New RMV site 'low-hanging fruit'
Layoffs, test site among changes yet to come
|Southbridgian Chris Crosbie, left, helps his mother, Ada, get a photo ID.
Gus Steeves. (click for larger version)|
August 10, 2009CHARLTON — The grand opening of the new Registry of Motor Vehicles went off without a hitch Monday, but left quite a few customers grumbling anyway.
"I've seen the state do asinine things before, but this has to be the biggest," said Southbridge resident Chris Crosbie, who was there helping his mother get a photo ID. "The immensity of this insanity is too big for me to comprehend."
To Registrar Rachel Kaprielian, however, the motivation was simple — budget cuts. Again citing $13 million sliced from the RMV budget since fiscal 2009 began, she claimed the move was "a fire drill, a scramble" to make sure her agency was able to save money this fiscal year. Besides closing or moving 10 branches statewide, the RMV will also be cutting staff in numbers "proportional to the traffic in the branches," she added, but did not yet have figures.
Kaprielian said the Charlton site, at the Mass Pike's eastbound rest area, will be a "full-service branch," but it won't offer road tests. People seeking those have to go to Worcester for now, but the RMV is "looking at other places I don't really want to talk about," she said.
|Customers await a chance to see an RMV agent. (click for larger version)|
Speaking briefly from the podium before the formal ribbon-cutting, Kaprielian described the move as taking advantage of "low-hanging fruit" and "a very powerful example of when state agencies combine resources." She was referring to the fact that the new site is owned by the Mass Turnpike Authority (MTA). Under that arrangement, the RMV doesn't pay rent, and the MTA and Mass Highway covered the costs of the main upgrades, she said.
MTA Executive Director Jeffrey Mullan said his agency is now compiling the cost of the work it did.
The new RMV itself is inside the former tourist information center. It was busy even before the ceremony, with equipment, staff and at least two dozen customers crowded into a low-ceilinged space noticeably smaller the Southbridge site. RMV spokesman Ann Dufresne said it's about 1,200 square feet; the original location near Big Bunny was about 3,100 square feet. The lease at the Big Bunny site was $59,900 a year, and it served between 60,000 and 70,000 customers a year, she added.
To get to the new site, people had to either hop on the Pike itself or thread their way through a crowded employee parking lot off Route 20. The latter had cars on the grass and in areas marked "No Parking" all the way down to Route 20, plus some vehicles parked behind others and a man in an unmarked white van directing traffic.
That seriously annoyed Sturbridge's Bill Muir. He objected to the fact getting to handicapped parking requires going on the Pike and said he was initially directed to park in a secondary lot that's down a short road at the far end of the main lot.
He opted not to do that, and said he'll "just forego seeing what she has to say."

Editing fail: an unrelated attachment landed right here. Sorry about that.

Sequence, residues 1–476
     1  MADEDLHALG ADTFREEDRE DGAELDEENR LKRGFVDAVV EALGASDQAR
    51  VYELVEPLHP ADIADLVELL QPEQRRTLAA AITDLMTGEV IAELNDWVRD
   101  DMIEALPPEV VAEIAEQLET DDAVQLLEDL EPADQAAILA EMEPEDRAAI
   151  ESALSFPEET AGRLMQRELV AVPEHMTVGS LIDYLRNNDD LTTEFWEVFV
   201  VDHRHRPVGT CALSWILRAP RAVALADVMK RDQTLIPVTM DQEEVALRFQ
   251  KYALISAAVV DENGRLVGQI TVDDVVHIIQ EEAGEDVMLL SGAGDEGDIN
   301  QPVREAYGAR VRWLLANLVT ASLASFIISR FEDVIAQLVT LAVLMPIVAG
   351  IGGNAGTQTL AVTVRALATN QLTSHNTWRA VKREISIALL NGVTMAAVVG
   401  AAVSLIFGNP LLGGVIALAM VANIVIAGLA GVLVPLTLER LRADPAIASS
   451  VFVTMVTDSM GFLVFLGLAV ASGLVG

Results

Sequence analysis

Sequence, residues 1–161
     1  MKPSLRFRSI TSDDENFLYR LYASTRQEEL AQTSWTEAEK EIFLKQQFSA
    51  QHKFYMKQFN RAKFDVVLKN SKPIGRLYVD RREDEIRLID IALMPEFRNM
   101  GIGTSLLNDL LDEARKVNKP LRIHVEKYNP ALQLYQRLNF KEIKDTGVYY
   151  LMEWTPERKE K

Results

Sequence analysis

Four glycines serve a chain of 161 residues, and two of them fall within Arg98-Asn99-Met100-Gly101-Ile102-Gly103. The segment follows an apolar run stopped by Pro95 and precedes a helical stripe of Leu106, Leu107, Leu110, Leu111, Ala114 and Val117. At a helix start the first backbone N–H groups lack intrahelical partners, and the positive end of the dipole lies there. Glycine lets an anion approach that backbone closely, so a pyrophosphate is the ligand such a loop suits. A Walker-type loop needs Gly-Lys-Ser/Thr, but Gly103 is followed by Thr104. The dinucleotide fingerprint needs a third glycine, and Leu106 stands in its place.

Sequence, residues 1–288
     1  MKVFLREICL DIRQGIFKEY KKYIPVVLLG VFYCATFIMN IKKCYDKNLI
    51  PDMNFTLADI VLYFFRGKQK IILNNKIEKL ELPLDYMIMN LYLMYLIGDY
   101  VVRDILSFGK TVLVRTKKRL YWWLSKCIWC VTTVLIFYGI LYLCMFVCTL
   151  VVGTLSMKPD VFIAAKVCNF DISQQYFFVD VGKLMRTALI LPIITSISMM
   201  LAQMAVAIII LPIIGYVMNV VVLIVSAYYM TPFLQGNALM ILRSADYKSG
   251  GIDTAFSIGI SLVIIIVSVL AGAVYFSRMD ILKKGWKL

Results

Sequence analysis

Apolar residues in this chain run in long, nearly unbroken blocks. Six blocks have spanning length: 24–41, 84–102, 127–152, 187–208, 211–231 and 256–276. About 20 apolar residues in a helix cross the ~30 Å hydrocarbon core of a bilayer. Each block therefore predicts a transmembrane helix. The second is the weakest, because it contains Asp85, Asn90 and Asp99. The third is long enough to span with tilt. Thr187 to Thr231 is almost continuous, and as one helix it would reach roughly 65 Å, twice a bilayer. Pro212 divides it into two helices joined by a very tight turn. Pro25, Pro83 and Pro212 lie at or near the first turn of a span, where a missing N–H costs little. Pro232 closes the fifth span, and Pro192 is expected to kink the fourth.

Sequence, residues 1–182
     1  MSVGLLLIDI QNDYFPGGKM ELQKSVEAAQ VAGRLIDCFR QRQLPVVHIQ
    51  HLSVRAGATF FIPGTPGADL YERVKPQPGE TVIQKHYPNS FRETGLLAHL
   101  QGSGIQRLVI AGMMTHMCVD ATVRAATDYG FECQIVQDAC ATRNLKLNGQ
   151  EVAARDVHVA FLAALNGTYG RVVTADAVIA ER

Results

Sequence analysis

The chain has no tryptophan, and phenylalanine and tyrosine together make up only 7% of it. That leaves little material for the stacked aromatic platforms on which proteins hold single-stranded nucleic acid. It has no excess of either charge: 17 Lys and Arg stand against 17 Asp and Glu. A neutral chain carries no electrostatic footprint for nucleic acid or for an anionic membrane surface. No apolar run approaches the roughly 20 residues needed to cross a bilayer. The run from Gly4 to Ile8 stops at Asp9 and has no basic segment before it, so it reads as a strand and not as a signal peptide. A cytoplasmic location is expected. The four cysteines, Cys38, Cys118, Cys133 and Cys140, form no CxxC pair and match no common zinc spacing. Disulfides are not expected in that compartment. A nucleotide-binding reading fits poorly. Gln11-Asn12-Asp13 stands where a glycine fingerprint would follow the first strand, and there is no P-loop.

"There is absolutely no need for it," Muir said as he departed. "She [Kaprielian] doesn't know what the hell she's doing. This doesn't make any sense."
Kaprielian said the Registry will "make adjustments" to the parking situation after it sees how things work for a while, admitting, "We believe it's not enough."
"In times like this, everybody's got to appreciate things aren't going to be the same," she said, later noting the RMV is "the first of many public entities that may change."
The MTA is also in flux. Not only is it going to be absorbed by Mass Highway later this year, it opened three bids to manage the leases at Pike rest areas about six weeks ago.
Describing the proposal as seeing if companies were interested in "buying the income stream," Mullan said the agency is still reviewing those bids to determine if they fairly reflect the long-term value of the leases to the Commonwealth. It plans to decide whether to actually make such a deal at all, and if so, with whom, later this month, he said.
"We're not changing the monetary arrangement at any of the plazas," Mullan said when asked if the change could nix the Registry's rent-free status. "[The deal] would be subject to the existing agreements," and the RMV has an open-ended deal valid "as long as it continues to work and provide service."
Although there was a state trooper directing traffic on the truck lane near the new crosswalk, Mullan said that will not be a permanent post.
"A lot of it is adjustment — getting truckers used to the changed situation," he said, noting that many drivers stop here repeatedly. He did not know how long it might take for knowledge of the change to spread.
Inside, a Webster man who did not give his name said he "didn't know about it until I went to Southbridge in the morning." He said he was told by a woman who was equally surprised by the move, and "nobody seemed to know where it was here in Charlton."
There are several new signs on Route 20, including two big lightboards warning of the proximity of that driveway. There's also one near the Pike off-ramp into the rest area, but that was not working at least some part of Monday.
Despite the apparent confusion, at least one customer was satisfied. Charlton's Kenneth Wilson said he likes the fact it's closer to his house and found service to be "moving along good." He wasn't particularly concerned about the location's safety "as long as I'm able to get out of here," he said, referring to Route 20 traffic.
Gus Steeves can be reached at 508-909-4135 or by e-mail at email@example.com.
See Wednesday's Southbridge Evening News for complete coverage of community news.
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